From risk to care: the hepatitis C screening and diagnostic cascade in a primary health care clinic in Karachi, Pakistan - a cohort study
Gul Ghuttai Khalid, Khine Wut Yee Kyaw, Christine Bousquet, Rosa Auat, Dmytro Donchuk, Adam Trickey, Saeed Hamid, Huma Qureshi, Valentina Mazzeo, Khawar Aslam, Salima Khowaja and Rafael Van den Bergh
In the high-prevalence setting of Pakistan, screening, diagnosis and treatment services for chronic hepatitis C (CHC) patients are commonly offered in specialized facilities. We aimed to describe the cascade of care in a Médecins Sans Frontières primary health care clinic offering CHC care in an informal settlement in Karachi, Pakistan.
This was a retrospective cohort analysis using routinely collected data. Three different screening algorithms were assessed among patients with one or more CHC risk factors.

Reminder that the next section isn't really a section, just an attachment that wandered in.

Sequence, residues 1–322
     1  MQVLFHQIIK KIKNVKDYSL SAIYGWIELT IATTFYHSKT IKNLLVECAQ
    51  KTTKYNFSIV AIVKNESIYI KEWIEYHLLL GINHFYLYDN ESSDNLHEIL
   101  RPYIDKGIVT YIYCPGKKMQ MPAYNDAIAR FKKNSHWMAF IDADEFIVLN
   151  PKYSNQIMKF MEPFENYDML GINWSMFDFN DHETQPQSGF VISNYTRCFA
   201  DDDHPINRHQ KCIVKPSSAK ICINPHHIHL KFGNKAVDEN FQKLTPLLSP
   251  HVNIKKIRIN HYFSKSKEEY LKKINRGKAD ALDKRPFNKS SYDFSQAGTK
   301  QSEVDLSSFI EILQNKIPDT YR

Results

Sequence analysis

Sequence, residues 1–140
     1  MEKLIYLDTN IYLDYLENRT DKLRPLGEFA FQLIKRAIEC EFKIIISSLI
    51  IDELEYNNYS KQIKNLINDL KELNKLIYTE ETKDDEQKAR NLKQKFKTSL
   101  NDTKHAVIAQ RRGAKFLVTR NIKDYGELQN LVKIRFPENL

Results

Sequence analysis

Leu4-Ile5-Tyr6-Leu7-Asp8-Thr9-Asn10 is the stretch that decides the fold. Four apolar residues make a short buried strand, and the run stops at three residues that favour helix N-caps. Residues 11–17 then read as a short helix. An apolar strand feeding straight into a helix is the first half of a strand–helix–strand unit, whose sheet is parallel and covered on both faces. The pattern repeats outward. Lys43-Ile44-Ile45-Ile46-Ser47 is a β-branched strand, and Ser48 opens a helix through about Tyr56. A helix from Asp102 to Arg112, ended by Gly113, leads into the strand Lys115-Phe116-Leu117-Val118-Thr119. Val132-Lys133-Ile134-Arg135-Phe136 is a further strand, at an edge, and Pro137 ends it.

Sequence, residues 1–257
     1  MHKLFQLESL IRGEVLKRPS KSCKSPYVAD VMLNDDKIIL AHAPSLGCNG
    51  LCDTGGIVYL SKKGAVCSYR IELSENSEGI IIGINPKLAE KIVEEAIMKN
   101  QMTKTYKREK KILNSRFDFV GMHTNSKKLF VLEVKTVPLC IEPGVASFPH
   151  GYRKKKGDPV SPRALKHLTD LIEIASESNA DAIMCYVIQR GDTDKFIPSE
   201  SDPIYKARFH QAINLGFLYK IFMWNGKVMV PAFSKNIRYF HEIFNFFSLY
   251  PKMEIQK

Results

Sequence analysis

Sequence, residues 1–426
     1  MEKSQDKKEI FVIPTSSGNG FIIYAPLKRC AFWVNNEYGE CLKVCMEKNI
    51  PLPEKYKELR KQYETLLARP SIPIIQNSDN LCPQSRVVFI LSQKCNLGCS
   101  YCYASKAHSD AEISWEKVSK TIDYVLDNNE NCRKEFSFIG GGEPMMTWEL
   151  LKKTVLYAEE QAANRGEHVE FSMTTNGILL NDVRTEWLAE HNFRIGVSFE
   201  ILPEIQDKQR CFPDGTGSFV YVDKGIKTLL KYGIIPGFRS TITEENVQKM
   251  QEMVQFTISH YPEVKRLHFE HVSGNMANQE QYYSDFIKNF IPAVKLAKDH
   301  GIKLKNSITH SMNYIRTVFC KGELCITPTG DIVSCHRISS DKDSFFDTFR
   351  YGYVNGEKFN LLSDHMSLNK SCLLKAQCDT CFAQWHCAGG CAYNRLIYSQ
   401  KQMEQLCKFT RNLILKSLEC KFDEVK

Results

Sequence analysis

Among the 87 348 patients attending the outpatient clinic, 5003 (6%) presented with one or more risk factors. Rapid diagnostic test (RDT) positivity was 38% overall. Approximately 60% of the CHC patients across all risk categories were in the early stage of the disease, with an aspartate aminotransferase:platelet ratio index score <1. The sequential delays in the cascade differed between the three groups, with the interval between screening and treatment initiation being the shortest in the cohort tested with GeneXpert onsite.
Delays between screening and treatment can be reduced by putting in place more patient-centric testing algorithms. New strategies, to better identify and treat the hidden at-risk populations, should be developed and implemented.